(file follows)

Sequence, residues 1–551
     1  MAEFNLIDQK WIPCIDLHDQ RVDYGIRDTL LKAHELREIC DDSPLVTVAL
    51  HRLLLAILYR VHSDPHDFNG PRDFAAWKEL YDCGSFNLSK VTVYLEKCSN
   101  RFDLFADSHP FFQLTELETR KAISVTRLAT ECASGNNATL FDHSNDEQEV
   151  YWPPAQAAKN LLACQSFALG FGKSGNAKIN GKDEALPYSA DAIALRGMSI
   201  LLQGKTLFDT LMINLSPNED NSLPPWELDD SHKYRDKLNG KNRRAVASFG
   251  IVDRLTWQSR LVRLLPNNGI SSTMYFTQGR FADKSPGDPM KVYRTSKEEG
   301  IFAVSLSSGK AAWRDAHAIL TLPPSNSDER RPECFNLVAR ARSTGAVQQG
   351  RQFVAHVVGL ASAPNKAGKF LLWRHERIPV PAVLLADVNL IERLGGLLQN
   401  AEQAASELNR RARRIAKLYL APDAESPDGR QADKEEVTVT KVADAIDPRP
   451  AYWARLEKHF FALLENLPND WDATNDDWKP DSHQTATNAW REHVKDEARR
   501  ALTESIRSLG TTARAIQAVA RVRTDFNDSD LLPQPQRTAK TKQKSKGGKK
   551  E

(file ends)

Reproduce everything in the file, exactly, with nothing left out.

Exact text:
Sequence, residues 1–551
     1  MAEFNLIDQK WIPCIDLHDQ RVDYGIRDTL LKAHELREIC DDSPLVTVAL
    51  HRLLLAILYR VHSDPHDFNG PRDFAAWKEL YDCGSFNLSK VTVYLEKCSN
   101  RFDLFADSHP FFQLTELETR KAISVTRLAT ECASGNNATL FDHSNDEQEV
   151  YWPPAQAAKN LLACQSFALG FGKSGNAKIN GKDEALPYSA DAIALRGMSI
   201  LLQGKTLFDT LMINLSPNED NSLPPWELDD SHKYRDKLNG KNRRAVASFG
   251  IVDRLTWQSR LVRLLPNNGI SSTMYFTQGR FADKSPGDPM KVYRTSKEEG
   301  IFAVSLSSGK AAWRDAHAIL TLPPSNSDER RPECFNLVAR ARSTGAVQQG
   351  RQFVAHVVGL ASAPNKAGKF LLWRHERIPV PAVLLADVNL IERLGGLLQN
   401  AEQAASELNR RARRIAKLYL APDAESPDGR QADKEEVTVT KVADAIDPRP
   451  AYWARLEKHF FALLENLPND WDATNDDWKP DSHQTATNAW REHVKDEARR
   501  ALTESIRSLG TTARAIQAVA RVRTDFNDSD LLPQPQRTAK TKQKSKGGKK
   551  E